Japanese auto parts maker Takata Corp. pleaded guilty to fraud Monday and agreed to pay a $1 billion penalty for concealing a deadly defect in millions of its air bags.
Takata admitted hiding evidence that its air bag inflators can explode with too much force, hurling shrapnel into drivers and passengers.
The inflators are blamed for at least 16 deaths worldwide — 11 of them in the U.S. — and more than 180 injuries. The problem touched off the biggest recall in U.S. automotive history, involving 42 million vehicles and up to 69 million inflators.
The company's chief financial officer, Yoichiro Nomura, entered the guilty plea on Takata's behalf in federal court in Detroit. He also agreed that Takata will be sold or merge with another company.
The penalties include $850 million in restitution to automakers, $125 million for victims and families and a $25 million criminal fine.
Separately, three former executives are charged with falsifying test reports. They remain in Japan.
Takata's inflators use ammonium nitrate to create a small explosion that inflates air bags in a crash. But when exposed to prolonged high temperatures and humidity, the chemical can deteriorate and burn too fast. That can blow apart a metal canister.Find out if your car was recalledOpen link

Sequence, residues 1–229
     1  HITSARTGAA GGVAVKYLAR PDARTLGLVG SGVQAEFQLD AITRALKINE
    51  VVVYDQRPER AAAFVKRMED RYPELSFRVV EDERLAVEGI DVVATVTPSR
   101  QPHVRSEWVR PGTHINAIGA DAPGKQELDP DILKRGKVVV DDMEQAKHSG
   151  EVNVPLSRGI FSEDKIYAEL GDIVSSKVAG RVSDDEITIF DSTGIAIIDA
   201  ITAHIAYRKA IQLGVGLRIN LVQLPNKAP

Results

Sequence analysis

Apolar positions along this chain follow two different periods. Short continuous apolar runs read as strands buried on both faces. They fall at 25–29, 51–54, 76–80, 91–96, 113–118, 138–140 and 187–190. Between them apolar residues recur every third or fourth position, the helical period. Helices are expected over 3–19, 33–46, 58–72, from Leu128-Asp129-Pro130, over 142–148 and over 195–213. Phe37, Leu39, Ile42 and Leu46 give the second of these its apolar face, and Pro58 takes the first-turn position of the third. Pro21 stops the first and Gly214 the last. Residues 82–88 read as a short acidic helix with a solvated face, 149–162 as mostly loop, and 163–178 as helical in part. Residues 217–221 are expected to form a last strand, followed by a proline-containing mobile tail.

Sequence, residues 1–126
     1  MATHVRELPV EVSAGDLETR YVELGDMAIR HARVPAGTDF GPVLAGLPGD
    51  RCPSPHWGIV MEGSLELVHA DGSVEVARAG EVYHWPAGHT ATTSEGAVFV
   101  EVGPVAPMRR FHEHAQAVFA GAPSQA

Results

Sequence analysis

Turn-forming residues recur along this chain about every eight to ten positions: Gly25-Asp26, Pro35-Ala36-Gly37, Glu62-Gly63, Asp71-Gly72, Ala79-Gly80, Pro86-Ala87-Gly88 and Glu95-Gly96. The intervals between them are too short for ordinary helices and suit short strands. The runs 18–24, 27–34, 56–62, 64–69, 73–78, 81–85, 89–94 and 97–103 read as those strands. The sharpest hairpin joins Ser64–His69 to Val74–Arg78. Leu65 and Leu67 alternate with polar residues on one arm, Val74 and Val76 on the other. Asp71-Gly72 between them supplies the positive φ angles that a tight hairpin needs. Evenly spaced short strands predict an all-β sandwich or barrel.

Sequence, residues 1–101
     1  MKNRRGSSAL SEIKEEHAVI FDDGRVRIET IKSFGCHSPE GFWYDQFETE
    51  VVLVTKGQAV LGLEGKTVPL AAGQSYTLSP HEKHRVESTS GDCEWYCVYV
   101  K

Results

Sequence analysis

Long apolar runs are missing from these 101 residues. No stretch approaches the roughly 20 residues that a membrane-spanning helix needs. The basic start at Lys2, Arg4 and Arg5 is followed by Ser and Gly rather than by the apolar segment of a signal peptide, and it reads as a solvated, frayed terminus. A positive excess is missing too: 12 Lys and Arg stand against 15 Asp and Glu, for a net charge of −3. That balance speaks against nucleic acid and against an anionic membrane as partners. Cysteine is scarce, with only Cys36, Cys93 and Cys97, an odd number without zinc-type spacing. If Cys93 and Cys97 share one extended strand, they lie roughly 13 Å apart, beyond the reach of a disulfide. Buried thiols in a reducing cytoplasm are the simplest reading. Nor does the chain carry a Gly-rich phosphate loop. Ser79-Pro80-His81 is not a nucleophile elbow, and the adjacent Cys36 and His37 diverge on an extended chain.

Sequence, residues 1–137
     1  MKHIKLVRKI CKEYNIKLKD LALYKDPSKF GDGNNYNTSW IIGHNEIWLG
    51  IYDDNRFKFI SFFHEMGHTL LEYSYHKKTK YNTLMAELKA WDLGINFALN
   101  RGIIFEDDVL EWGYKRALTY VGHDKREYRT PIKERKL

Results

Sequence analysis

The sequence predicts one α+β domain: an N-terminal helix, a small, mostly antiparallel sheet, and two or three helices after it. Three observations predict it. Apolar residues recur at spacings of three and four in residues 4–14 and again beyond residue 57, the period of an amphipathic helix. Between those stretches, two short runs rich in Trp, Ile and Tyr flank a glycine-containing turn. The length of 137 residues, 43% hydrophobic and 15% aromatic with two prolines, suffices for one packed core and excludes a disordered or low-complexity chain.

In the U.S., 19 automakers are recalling the inflators. Worldwide, the total number of inflators being recalled is over 100 million.
Plaintiffs in dozens of lawsuits against Takata and five automakers allege the car companies knew the products were dangerous yet continued to use them for years to save money.
Takata, which also makes seatbelts, has racked up two straight years of losses over the recalls but said it hopes to start turning a profit again this fiscal year.
Takata's penalty is small compared with the one imposed on Volkswagen, which must buy back cars and pay up to $21 billion in penalties and compensation to owners over its emissions-cheating scandal.
Karl Brauer, executive publisher of Kelley Blue Book, said authorities may have kept the penalty manageable so Takata could stay in business and continue to carry out the giant recall.
"My sense is there has been more kid-gloves treatment of Tataka simply because destroying them makes the problem much worse," Brauer said.
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